August 1-2, 2021 — India’s hockey campaign at the Tokyo Olympics will be defined by the result of their match on either of those dates. That is when the quarterfinals are scheduled and on it hinges India’s medal fortunes. But let’s not look so far ahead and start at the beginning. The campaign and preparation for India’s hockey campaign at the Olympics was severely impaired by the second wave of the Covid-19 pandemic. The bilateral warm-up series and other tournaments that take place in the months leading up to the Olympics have all been disrupted this year, which means that preparation and match readiness will not be ideal.
However, India coach Graham Reid and his team would know that every team in the competition would have identical challenges. The pandemic has been absolutely fair in the way it has disrupted and challenged all sportsmen across the globe. Reid would also know that he has one of the best Indian teams in recent history and there is a chance that a medal is within grasp. Admittedly it is a young team with 10 of the 16 players making their Olympics debut but it is also a very fit team with a strong defence and dependable short corner specialists.
The team has only one goalkeeper, Sreejesh, and that seems risky, at least on paper. However, Reid seems to have a plan and this gives him more flexibility in combinations.
The current format at the Olympics divides the team into two groups of six teams. The top four make it to the quarterfinals, and India should make it that far. Their group comprises Australia, New Zealand, Japan, Argentina and Spain, so hopefully India will not have too much trouble getting into the final eight.
The other group with Netherlands, Great Britain, Belgium and Germany, among others, is a tough one, and I think at least two of the medal winners will be from that group.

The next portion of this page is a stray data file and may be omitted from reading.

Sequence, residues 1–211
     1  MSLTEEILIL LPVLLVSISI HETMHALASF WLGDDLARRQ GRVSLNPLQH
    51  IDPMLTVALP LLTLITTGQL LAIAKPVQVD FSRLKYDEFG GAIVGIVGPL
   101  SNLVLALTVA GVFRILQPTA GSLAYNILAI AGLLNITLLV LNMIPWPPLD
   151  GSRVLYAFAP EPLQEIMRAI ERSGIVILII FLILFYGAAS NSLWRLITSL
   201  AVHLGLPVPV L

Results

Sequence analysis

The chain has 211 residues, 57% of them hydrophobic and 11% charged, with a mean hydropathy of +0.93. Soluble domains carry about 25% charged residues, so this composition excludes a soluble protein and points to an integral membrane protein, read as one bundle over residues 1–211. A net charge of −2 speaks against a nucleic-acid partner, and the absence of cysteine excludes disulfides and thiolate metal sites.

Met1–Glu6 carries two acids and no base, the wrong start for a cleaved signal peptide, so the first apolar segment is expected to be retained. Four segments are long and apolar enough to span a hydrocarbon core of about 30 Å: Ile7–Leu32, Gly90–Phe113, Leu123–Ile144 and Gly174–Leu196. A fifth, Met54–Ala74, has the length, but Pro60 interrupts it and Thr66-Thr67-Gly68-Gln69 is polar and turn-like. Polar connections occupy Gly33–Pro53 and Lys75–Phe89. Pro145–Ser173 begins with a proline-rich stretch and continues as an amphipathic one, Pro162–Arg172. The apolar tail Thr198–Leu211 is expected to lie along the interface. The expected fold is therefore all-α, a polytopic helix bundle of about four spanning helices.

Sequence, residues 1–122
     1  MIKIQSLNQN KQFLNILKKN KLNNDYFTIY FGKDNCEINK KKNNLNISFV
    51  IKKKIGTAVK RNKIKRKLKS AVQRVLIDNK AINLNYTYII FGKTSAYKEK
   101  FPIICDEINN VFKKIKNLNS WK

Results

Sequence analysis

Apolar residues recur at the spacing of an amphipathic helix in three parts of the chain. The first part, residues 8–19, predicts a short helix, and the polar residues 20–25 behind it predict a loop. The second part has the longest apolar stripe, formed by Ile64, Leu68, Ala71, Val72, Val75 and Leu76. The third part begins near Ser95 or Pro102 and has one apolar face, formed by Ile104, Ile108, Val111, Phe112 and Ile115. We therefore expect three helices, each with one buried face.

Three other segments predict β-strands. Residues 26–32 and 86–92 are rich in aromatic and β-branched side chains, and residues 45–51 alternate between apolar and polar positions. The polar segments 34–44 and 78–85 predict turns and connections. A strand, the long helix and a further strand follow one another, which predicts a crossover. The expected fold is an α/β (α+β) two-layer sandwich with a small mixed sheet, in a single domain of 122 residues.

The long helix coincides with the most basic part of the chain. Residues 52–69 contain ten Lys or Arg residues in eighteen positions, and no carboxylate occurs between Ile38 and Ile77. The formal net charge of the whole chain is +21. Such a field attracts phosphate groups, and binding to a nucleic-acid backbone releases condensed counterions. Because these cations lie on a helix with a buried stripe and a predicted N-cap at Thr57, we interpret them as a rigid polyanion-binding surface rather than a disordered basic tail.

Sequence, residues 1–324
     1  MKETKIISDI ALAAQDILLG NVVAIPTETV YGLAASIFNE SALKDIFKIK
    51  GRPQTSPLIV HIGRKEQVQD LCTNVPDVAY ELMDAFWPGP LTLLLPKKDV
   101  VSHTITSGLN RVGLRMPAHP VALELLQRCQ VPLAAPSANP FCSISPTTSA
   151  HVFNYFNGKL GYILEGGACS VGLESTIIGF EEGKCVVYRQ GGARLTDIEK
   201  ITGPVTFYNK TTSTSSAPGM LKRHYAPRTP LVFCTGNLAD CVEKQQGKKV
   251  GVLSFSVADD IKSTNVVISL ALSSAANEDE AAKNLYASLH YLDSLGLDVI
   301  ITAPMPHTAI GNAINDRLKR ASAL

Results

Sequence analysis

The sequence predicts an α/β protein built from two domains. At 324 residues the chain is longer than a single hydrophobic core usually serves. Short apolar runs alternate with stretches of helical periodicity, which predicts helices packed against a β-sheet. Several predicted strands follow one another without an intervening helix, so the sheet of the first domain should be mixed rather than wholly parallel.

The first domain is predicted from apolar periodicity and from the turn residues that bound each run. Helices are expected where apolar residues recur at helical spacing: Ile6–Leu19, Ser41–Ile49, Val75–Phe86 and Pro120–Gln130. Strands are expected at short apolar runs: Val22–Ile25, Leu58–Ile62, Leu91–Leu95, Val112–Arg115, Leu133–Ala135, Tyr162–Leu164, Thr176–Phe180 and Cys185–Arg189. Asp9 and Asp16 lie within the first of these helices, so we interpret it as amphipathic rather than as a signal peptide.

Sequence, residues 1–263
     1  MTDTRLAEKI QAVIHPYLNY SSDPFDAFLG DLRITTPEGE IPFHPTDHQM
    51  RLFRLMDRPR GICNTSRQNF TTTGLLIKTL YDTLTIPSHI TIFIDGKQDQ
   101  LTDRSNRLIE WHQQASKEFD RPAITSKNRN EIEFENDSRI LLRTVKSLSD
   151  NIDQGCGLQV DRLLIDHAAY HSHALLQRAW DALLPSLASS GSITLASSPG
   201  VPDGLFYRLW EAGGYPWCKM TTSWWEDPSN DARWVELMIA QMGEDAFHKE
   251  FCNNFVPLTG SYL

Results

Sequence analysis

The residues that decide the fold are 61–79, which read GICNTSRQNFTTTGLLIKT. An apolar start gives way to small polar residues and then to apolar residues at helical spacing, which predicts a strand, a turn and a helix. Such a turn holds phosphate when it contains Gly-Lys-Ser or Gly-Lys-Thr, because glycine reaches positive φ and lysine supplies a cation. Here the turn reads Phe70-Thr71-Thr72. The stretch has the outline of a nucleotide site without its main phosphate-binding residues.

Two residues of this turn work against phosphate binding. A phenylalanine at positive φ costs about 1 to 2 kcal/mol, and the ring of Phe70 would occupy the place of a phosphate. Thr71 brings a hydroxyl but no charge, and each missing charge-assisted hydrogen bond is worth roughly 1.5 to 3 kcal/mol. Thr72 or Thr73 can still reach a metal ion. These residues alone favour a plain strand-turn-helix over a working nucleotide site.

I am not worried about the impact of playing in empty stadiums because this remains the Olympics and after the first few minutes, every professional player gets ‘into the zone’ and forgets external factors. Crucially, it will help in communication with teammates and that is something that could impact the quality of play across teams.
The Covid situation will rob ‘Village life’ of some colour at the Olympics, but it is important for players to embrace this global flavour that is so unique to the Games.
For me personally, seeing strapping athletes from across the globe is my abiding memory of the two Olympics I was part of — Moscow 1980 and Los Angeles 1984. The bonhomie and the exposure make a young sportsman realise the value of sport and sporting ties.
India won its last hockey gold in the Moscow Olympics, which is a special memory for each of the players in the squad. However, I have an equally vivid memory of the bitter disappointment in 1984, where I missed a goal against West Germany. The ball ricocheted off the goalpost and with it India’s hopes of making the semis were dashed. Even after my playing days I have memories of the heartbreak that India faced in the Sydney Olympics in 2000, where Poland’s goal seconds before the final whistle put paid to India’s hopes of qualifying.
India’s hockey performance is always scrutinised in the Olympics, and this has led to heartbreak in the last four decades. That will hopefully change under Manpreet Singh’s captaincy. Playing in his third Olympics, the midfielder leads a field that has talented players. Harmanpreet Singh is one of the best drag flick specialists and we have a good mix of youth and talent in this side. India did make the quarters in the last World Cup, and have been beating higher ranked teams in tournaments that were played before the pandemic. If we play to that level at Tokyo, a podium finish is not impossible. India’s hockey fans can dare to dream this time.
(Zafar Iqbal was the captain of the Indian hockey team, and was part of the team that won gold at the Moscow Olympics in 1980)